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Much of international law, like much of contract, is enforced not by independent sanctions but rather through cooperative interaction among the parties, with repeat dealings, reputation and a preference for reciprocity doing most of the enforcement work. The Limits of Leviathan identifies the areas in international law where formal enforcement provides the most promising means of promoting cooperation, and where it does not.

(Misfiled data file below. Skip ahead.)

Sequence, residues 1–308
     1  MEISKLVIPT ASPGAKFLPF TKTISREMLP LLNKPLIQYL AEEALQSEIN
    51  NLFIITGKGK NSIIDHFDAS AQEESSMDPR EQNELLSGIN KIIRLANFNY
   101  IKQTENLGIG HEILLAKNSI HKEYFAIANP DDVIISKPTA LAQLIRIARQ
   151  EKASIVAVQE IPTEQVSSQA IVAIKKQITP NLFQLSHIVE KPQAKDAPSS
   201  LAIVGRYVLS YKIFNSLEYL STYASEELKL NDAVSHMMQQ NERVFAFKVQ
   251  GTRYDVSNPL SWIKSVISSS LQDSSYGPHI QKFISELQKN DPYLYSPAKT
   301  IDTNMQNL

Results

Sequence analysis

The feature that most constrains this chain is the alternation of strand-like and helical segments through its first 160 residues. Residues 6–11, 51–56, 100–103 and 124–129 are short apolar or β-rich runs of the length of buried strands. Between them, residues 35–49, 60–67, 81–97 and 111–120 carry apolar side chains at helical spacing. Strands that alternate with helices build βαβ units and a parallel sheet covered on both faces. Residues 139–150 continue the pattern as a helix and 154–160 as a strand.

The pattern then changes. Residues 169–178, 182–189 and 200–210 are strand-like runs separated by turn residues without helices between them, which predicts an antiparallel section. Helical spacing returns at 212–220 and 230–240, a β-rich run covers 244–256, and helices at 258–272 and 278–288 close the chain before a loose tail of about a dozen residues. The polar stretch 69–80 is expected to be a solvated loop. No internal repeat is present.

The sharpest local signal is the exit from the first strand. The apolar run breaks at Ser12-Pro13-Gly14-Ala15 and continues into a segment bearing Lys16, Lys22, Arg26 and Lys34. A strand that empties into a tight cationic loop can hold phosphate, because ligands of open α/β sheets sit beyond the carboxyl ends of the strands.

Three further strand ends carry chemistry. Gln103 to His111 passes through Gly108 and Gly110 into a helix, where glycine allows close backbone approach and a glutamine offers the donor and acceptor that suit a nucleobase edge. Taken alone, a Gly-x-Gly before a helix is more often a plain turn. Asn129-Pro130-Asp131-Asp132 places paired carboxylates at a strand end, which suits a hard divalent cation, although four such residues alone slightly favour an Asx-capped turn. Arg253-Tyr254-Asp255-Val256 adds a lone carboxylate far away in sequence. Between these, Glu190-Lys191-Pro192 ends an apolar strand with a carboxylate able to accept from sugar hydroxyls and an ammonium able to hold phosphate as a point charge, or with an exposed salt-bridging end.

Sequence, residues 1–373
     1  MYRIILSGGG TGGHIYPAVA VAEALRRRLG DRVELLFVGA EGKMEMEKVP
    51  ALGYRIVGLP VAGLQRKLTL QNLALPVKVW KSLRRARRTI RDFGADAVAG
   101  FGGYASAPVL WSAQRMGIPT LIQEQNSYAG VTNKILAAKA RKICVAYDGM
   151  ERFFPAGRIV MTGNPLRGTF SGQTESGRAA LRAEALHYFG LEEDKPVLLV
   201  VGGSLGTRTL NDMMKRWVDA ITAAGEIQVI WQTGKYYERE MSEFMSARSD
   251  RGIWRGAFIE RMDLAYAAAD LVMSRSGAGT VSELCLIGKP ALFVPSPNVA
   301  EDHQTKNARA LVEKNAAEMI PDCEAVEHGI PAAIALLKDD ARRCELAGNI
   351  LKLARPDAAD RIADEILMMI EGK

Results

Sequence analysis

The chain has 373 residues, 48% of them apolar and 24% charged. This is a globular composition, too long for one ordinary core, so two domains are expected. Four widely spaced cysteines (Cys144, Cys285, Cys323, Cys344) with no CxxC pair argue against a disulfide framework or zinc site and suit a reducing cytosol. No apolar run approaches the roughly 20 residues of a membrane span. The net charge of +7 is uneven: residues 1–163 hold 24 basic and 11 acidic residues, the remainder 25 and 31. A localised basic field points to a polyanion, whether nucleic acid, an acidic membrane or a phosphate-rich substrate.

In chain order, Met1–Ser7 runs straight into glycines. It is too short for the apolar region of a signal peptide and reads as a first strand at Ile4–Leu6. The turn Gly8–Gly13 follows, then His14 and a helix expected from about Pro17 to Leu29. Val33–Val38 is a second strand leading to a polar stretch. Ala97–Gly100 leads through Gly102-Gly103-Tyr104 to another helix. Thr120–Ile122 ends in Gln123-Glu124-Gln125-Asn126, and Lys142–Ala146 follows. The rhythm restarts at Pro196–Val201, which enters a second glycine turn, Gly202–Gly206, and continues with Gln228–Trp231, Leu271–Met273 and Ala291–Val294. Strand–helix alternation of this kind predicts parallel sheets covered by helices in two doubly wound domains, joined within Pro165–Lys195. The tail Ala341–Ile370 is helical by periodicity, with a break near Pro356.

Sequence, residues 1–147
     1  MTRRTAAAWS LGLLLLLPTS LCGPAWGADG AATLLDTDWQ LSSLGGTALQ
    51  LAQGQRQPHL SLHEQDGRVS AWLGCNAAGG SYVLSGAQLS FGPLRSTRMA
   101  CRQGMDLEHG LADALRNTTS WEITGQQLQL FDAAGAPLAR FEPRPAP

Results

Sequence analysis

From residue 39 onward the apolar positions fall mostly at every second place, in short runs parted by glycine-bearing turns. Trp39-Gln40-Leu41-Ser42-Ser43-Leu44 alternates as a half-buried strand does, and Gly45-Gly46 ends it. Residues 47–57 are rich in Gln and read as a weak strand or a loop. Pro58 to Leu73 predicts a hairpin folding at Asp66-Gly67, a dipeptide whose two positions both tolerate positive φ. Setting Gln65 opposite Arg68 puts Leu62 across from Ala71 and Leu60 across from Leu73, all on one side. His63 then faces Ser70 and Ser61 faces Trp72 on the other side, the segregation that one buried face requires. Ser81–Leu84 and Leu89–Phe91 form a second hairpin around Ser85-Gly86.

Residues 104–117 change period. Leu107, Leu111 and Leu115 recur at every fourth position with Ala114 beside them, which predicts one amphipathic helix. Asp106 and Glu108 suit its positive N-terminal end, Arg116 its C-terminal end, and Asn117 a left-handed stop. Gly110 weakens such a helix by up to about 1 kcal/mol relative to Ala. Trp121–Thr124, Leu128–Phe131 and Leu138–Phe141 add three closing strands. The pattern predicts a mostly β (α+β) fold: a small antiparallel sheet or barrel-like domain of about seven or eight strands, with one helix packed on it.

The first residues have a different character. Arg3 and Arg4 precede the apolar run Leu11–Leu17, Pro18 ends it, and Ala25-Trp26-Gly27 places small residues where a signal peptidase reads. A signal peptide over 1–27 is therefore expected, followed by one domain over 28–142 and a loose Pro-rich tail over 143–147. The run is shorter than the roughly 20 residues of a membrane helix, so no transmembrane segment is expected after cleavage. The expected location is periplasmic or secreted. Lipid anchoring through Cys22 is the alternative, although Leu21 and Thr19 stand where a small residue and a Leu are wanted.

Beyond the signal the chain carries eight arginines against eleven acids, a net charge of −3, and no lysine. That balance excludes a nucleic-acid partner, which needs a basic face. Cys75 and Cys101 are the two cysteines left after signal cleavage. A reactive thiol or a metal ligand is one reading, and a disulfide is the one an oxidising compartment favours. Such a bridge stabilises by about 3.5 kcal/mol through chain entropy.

In particular it looks at the International Criminal Court, the rules for world trade, efforts to enlist domestic courts to enforce orders of the International Court of Justice, domestic judicial enforcement of the Geneva Convention, the domain of international commercial agreements, and the question of odious debt incurred by sovereigns. This book explains how international law, like contract, depends largely on the willingness of responsible parties to make commitments.